Wednesday, February 3, 2010

Hype does not a legacy make

Before seeing Avatar, I had read a quote by director, James Cameron, in an Entertainment Weekly blog:
On the legacy of Titanic: “It’s like nobody admits they went to see Titanic, like it was something you did when you were a kid that you’re not too proud of now, like wearing bell-bottoms.”
I didn’t expect to follow up my last blog post about Avatar, but after I saw the film (and especially now as the movie is set to take over the top all-time box office spot, and in light of the recent announcement of Oscar nominations), I immediately thought back to the above quote, and it made me think that Avatar really is the next Titanic, yes because of the box office records and the awards, but more relevantly, because its eventual irrelevance is assured.

Despite Cameron’s penchant for over-portraying himself as the maligned underdog genius of Hollywood, what he says about his last mega-movie is not really an exaggeration. Think back. You know you saw Titanic, and you probably liked it. Maybe you even remember it fondly. But ask yourself: Who shows Titanic at movie night? Who names their beagles Jack and Rose? Who rocks “My Heart Will Go On” at the karaoke bar (disregarding the fact that you probably know all the words)? Maybe it’s not because you’re ashamed of having liked the movie then, but because you have so little concern for it now.

Until the hype machine started hammering Avatar into the collective consciousness, most people probably hadn’t thought of Titanic in over a decade. Sadly, the release of Avatar triggered as many memories of Dances with Wolves and even Ferngully as it did Titanic. And the interest wasn’t regarding whether Avatar would be as good a movie as Titanic, but whether it would make as much . . . what’s the word . . . cheddar?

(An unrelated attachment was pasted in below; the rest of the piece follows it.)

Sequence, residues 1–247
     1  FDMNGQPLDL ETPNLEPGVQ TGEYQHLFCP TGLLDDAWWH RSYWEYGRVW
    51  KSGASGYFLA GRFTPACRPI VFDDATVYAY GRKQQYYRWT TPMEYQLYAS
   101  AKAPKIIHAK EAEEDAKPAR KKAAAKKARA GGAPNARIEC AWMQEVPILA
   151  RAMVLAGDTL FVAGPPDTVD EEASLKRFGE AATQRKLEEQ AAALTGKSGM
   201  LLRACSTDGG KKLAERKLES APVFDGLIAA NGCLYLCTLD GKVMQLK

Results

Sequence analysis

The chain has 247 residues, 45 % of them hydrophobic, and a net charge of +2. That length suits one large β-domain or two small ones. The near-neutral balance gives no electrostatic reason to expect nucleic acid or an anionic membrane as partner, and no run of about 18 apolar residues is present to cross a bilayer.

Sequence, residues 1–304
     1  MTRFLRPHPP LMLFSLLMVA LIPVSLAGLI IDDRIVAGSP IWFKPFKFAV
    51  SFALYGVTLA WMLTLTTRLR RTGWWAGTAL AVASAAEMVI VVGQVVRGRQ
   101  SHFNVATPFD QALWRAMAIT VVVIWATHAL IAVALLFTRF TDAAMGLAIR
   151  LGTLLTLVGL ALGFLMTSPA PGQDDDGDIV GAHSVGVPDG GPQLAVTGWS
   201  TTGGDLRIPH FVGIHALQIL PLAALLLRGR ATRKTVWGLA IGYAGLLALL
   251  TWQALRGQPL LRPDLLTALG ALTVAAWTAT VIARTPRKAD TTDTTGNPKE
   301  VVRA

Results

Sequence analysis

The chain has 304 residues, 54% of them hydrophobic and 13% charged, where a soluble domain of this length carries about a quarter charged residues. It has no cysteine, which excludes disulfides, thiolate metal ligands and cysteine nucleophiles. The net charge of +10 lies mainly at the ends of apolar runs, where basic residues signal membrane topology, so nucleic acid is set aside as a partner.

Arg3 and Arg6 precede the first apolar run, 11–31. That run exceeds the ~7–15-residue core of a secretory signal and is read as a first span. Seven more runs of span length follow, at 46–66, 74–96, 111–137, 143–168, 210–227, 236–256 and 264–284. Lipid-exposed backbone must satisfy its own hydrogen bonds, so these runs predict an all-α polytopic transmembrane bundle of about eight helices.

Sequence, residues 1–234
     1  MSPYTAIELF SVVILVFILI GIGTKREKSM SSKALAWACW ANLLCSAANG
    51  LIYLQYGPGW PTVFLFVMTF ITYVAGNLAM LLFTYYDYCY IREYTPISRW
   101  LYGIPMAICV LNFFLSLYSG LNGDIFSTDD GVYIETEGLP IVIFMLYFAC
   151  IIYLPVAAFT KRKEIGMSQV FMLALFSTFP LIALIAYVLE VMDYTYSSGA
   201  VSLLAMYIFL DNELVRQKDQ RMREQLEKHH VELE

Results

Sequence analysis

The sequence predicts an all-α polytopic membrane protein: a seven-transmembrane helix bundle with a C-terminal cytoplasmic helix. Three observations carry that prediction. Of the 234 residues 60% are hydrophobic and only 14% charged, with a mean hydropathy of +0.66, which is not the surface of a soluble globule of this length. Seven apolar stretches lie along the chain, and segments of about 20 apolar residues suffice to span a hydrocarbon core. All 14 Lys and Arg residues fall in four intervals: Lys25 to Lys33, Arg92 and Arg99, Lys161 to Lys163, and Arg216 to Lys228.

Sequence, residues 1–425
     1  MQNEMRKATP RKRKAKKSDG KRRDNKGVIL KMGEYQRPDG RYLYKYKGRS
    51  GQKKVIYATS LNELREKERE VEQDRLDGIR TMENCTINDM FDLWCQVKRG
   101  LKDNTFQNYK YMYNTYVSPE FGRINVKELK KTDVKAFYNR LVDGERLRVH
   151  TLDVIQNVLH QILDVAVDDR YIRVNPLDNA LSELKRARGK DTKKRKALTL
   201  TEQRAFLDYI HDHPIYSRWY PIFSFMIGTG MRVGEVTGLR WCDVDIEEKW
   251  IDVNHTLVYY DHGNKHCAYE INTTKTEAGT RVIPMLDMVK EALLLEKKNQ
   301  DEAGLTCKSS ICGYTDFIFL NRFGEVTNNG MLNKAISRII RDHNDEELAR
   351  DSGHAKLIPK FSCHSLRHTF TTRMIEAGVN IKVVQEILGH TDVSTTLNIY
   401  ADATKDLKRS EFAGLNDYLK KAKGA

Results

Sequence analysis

Titanic was a whale at the box office, approved by critics, glazed with awards, and yet in the end, it was just a movie, and not even a particularly great one. It certainly didn’t become a cultural reference point, not even by movie standards, and neither will Avatar. And exactly what high horse am I riding, you ask? Well, just off the top of my head:
What does Avatar bring to the cultural lexicon?
  • “So, you find yourself some local tail, and you just completely forget what team you're playin' for?”
Yeah, I’m not sure about that.


As a side note, I’ve railed against the Oscars (and praised James Cameron) in the past, and it’s not worth giving that freak show of upturned noses and meager intellects any more breath than it deserves. I’ll just say that anyone with a hankering for an effects-laden sci-fi spectacle starring Zoe Saldana would do well to reach not for Avatar, but Star Trek, thank you very much!


Deana said...

This is a really sharp post, and I wholeheartedly agree with it. I didn't see many of the other Oscar contenders, but I'll take anything over Avatar. Someone needs to sock it to Cameron. I wish it could be me.

And I never did see Titanic because I have a natural aversion to anything overhyped. It was one phenomenon that I was more than happy to ignore. I only saw Avatar because Yevgeniy wanted to, and I scoffed my way through it.